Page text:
Growing up with access to wealth and/or philanthropic resources is often complicated for next-generation family members. Many have mixed feelings about the responsibilities of participating in family legacies while simultaneously coming to terms with their own philanthropic identity. At 21/64 we have learned that when working with the next generation, a peer group model is an effective forum in which participants can explore family legacy, examine and articulate their values, and develop their philanthropic identity. Whether a half-day or weekend gathering or an ongoing network, all of these forums seek to help next-generation family members transform their feelings of responsibility into opportunity and create building blocks for work on their own, with peers and with their families.
The Next Generation Retreat is a half-day opportunity for family members between the ages of 18-35, who are involved in family foundations or are preparing for future involvement. Participants will start building relationships with others exploring complex questions of responsibility, opportunity, and family legacy. Through interactive exercises, participants will clarify their values, their roles in the foundation and begin to articulate their visions and strategies for funding. Consider attending with other family members – siblings, cousins, partners – for candid conversation in a safe space. The retreat is co-led by Sharna Goldseker, director of 21/64, herself a young professional who also participates in her family’s philanthropy.
To register for the upcoming Next Generation Retreat, click here.
21/64 facilitates an ongoing network of next-generation family members (ages 18-28) who are involved or will be involved in their family philanthropy one day. Participants often feel respect for their inherited family legacy but are unsure about finding their own place in the multigenerational family context. Grand Street allows participants to explore questions of their Jewish identity, family responsibility and philanthropic opportunity in a safe space among peers. Participation in the network begins with a weekend retreat and is followed by optional activities including international site visits, volunteer service trips, and other learning and philanthropic opportunities initiated by members of the network. To find out more, please click here or visit www.grandstreetnetwork.net. To get involved with Grand Street, email us at firstname.lastname@example.org or call 212.931.0129.
Complex problems demand complex solutions. The food we eat and the way we grow, pick, process, and distribute it has never been more damaging to our health and well being – or to the environment – than it is today. In response, a diverse and loose-knit movement has grown up that seeks to transform the way food works. It is a young movement, just now coalescing. 21/64, in partnership with the Nathan Cummings Foundation and the New World Foundation, is assembling a multi-generational group of funders for regular dinner discussions and site visits that will bring together philanthropic and professional peers to learn about the challenges of our current food system, who is creating change, and how to fund a sustainable system. Click here for more information.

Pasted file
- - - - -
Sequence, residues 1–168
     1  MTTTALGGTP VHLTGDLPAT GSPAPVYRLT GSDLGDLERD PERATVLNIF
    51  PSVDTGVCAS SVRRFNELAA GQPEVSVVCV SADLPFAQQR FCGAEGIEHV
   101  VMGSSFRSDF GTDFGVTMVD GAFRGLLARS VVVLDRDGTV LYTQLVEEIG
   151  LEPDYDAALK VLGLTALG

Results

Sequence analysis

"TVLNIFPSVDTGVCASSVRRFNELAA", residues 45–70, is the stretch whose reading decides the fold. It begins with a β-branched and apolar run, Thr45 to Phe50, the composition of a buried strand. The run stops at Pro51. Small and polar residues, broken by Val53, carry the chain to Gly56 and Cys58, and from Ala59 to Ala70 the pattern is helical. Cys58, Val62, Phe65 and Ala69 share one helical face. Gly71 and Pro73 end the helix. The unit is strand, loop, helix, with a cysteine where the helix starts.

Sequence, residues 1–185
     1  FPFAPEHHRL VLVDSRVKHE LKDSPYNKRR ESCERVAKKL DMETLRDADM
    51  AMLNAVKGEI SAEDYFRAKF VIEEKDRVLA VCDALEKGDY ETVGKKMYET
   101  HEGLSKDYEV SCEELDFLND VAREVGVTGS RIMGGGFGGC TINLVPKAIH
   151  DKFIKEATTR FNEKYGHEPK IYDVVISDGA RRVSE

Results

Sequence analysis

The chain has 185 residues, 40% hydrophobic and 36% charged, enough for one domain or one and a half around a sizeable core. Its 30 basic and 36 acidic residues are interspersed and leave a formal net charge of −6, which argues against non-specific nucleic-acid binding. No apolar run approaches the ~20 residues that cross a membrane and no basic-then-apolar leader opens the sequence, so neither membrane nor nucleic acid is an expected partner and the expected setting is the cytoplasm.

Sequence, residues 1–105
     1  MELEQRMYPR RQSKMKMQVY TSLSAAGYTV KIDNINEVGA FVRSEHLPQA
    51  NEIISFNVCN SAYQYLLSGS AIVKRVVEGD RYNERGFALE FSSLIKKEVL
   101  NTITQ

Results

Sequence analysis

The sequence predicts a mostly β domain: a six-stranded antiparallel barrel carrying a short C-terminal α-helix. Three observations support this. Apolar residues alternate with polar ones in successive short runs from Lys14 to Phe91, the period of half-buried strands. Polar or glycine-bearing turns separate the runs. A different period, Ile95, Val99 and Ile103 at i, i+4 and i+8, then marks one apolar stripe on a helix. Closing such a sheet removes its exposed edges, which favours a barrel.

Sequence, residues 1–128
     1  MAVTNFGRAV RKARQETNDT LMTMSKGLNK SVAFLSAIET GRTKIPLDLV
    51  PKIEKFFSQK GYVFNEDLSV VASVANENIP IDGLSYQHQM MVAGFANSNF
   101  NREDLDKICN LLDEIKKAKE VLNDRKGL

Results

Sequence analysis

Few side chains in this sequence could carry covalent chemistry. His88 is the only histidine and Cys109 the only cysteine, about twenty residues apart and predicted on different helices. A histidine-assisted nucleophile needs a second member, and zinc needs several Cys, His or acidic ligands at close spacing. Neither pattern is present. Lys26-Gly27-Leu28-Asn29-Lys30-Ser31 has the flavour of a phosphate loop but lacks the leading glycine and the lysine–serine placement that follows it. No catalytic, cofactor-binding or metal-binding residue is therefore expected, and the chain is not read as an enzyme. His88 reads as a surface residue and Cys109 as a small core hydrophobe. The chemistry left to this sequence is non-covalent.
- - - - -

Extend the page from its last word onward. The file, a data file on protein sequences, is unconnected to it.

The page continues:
"[Grand Street] was really special for me. I learned so much and it was so nice to meet all the participants. I thought everyone had something great to offer and we connected on this common set of issues. I feel after the gathering more comfortable speaking about my involvement in the foundation, and less hesitant about speaking in front of a group."
"The experience of being among peers at with whom I could freely talk about issues of wealth and philanthropy has been valuable on a number of levels. Grand Street has helped me to focus on two very important questions: what is my relationship with Judaism? And how should this inform my future philanthropic choices? I continue to work on both of these. Additionally, the creativity and diversity of perspectives among participants was very stimulating and thought provoking,and many conversations that began at the retreat are still being tossed around among us. The network effects of being part of a group of future Jewish philanthropic leaders are exciting, and I look forward to continuing involvement."